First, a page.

According to some Christian outlooks we were made for another world. Perhaps, rather, we were made for
this world to recreate, reclaim, and renew unto God's future aspiration by the power of His Spirit. - R.E. Slater
Secularization theory has been massively falsified. We don't live in an age of secularity. We live in an age of
explosive, pervasive religiosity... an age of religious pluralism. - Peter L. Berger
Exploring the edge of life and faith in a post-everything world. - Todd Littleton
I don't need another reason to believe, your love is all around for me to see. - anon
Thou art our need; and in giving us more of thyself thou givest us all. - Khalil Gibran, Prayer XXIII
Be careful what you pretend to be. You become what you pretend to be. - Kurt Vonnegut
Religious beliefs, far from being primary, are often shaped and adjusted by our social goals. - Jim Forest
People, even more than things, need to be restored, renewed, revived, reclaimed, and redeemed; never throw out anyone. - anon
... Certainly God's love has made fools of us all. - R.E. Slater
An apocalyptic Christian faith doesn't wait for Jesus to come, but for Jesus to become in our midst. - R.E. Slater
Christian belief in God begins with the cross and resurrection of Jesus, not with rational apologetics. - Eberhard Jüngel, Jürgen Moltmann
Our knowledge of God is through the 'I-Thou' encounter, not in finding God at the end of a syllogism or argument.
There is a grave danger in any Christian treatment of God as an object. The God of Jesus Christ and Scripture is
irreducibly subject and never made as an object, a force, a
power, or a principle that can be manipulated. - Emil Brunner
Ehyeh Asher Ehyeh means "I will be that who I have yet to become." - God (Ex 3.14)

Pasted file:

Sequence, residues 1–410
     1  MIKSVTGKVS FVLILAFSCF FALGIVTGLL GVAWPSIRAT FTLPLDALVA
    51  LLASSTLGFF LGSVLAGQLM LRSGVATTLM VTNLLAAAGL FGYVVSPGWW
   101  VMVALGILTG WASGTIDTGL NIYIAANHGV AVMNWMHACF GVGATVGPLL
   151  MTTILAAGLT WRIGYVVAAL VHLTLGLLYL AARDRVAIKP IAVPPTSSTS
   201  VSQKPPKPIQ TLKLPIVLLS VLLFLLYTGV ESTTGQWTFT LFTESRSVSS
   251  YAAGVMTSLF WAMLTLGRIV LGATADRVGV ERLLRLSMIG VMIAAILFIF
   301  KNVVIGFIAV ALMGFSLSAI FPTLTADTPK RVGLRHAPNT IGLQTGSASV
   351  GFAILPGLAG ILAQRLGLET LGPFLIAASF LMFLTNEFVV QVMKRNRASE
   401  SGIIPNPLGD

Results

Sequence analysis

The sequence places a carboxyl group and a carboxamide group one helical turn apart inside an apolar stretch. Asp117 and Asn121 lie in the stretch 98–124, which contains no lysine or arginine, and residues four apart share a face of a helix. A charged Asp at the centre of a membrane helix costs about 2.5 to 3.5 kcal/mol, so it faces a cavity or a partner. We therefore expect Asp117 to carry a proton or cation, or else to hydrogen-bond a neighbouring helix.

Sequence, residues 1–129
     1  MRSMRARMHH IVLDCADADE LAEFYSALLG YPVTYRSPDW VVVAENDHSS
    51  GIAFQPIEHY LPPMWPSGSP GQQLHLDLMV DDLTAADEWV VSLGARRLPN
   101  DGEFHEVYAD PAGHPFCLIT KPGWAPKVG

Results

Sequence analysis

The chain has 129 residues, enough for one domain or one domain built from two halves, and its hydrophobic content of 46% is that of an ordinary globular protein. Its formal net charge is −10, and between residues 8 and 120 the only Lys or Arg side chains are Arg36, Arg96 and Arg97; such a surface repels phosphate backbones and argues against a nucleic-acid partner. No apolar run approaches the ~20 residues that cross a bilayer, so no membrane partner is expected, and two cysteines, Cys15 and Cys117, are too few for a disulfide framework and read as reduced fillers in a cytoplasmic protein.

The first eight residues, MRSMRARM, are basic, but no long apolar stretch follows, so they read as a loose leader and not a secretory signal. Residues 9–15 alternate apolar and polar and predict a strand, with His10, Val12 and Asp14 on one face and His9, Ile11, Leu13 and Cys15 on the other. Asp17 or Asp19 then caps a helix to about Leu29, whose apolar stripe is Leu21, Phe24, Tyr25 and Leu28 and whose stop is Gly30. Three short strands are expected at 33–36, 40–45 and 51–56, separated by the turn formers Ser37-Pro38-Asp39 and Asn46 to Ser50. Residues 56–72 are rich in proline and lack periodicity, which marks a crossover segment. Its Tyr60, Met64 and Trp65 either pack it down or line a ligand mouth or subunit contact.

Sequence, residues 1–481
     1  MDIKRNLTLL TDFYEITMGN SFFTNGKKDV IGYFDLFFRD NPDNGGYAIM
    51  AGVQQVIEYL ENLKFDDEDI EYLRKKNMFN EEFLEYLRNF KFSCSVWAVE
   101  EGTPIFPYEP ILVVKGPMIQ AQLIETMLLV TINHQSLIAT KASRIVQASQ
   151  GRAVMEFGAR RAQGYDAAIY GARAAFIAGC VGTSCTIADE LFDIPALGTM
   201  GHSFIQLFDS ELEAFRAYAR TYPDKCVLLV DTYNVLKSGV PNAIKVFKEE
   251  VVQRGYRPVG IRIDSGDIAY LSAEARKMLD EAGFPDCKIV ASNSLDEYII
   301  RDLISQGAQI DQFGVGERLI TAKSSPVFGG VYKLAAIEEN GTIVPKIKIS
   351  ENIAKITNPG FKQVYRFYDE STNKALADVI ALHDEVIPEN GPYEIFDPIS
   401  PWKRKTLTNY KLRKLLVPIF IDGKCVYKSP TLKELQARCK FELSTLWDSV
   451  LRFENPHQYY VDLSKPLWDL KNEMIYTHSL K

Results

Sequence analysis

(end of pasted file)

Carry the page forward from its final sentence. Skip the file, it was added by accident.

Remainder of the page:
Our job is to love others without stopping to inquire whether or not they are worthy. - Thomas Merton
The church is God's world-changing social experiment of bringing unlikes and differents to the Eucharist/Communion table
to share life with one another as a new kind of family. When this happens we show to the world what love, justice, peace,
reconciliation, and life together is designed by God to be. The church is God's show-and-tell for the world to see how God wants
us to live as a blended, global, polypluralistic family united with one will, by one Lord, and baptized by one Spirit. - anon
The cross that is planted at the heart of the history of the world cannot be uprooted. - Jacques Ellul
The Unity in whose loving presence the universe unfolds is inside each person as a call to welcome the stranger, protect animals
and the earth, respect the dignity of each person, think new thoughts, and help bring about ecological civilizations. - John Cobb & Farhan A. Shah
If you board the wrong train it is of no use running along the corridors of the train in the other direction. - Dietrich Bonhoeffer

Thursday, October 20, 2011

Geroge Herbert, "Easter Wings" (poem)


 
Easter Wings
from The Temple (1633), by George Herbert






The same poem turned about on itself
forms a pair of wings






 The poem is usually printed in modern anthologies as seen above. In the 1633 edition. the poem is printed as seen in the scanned copy below, making it look more like its title.






For a different placement here are copies of the Williams Manuscript
(also called MS. Jones B 62 in Dr. Williams Library)






The Bodleian MS (also called MS Tanner)
page 1 of "Easter-wings"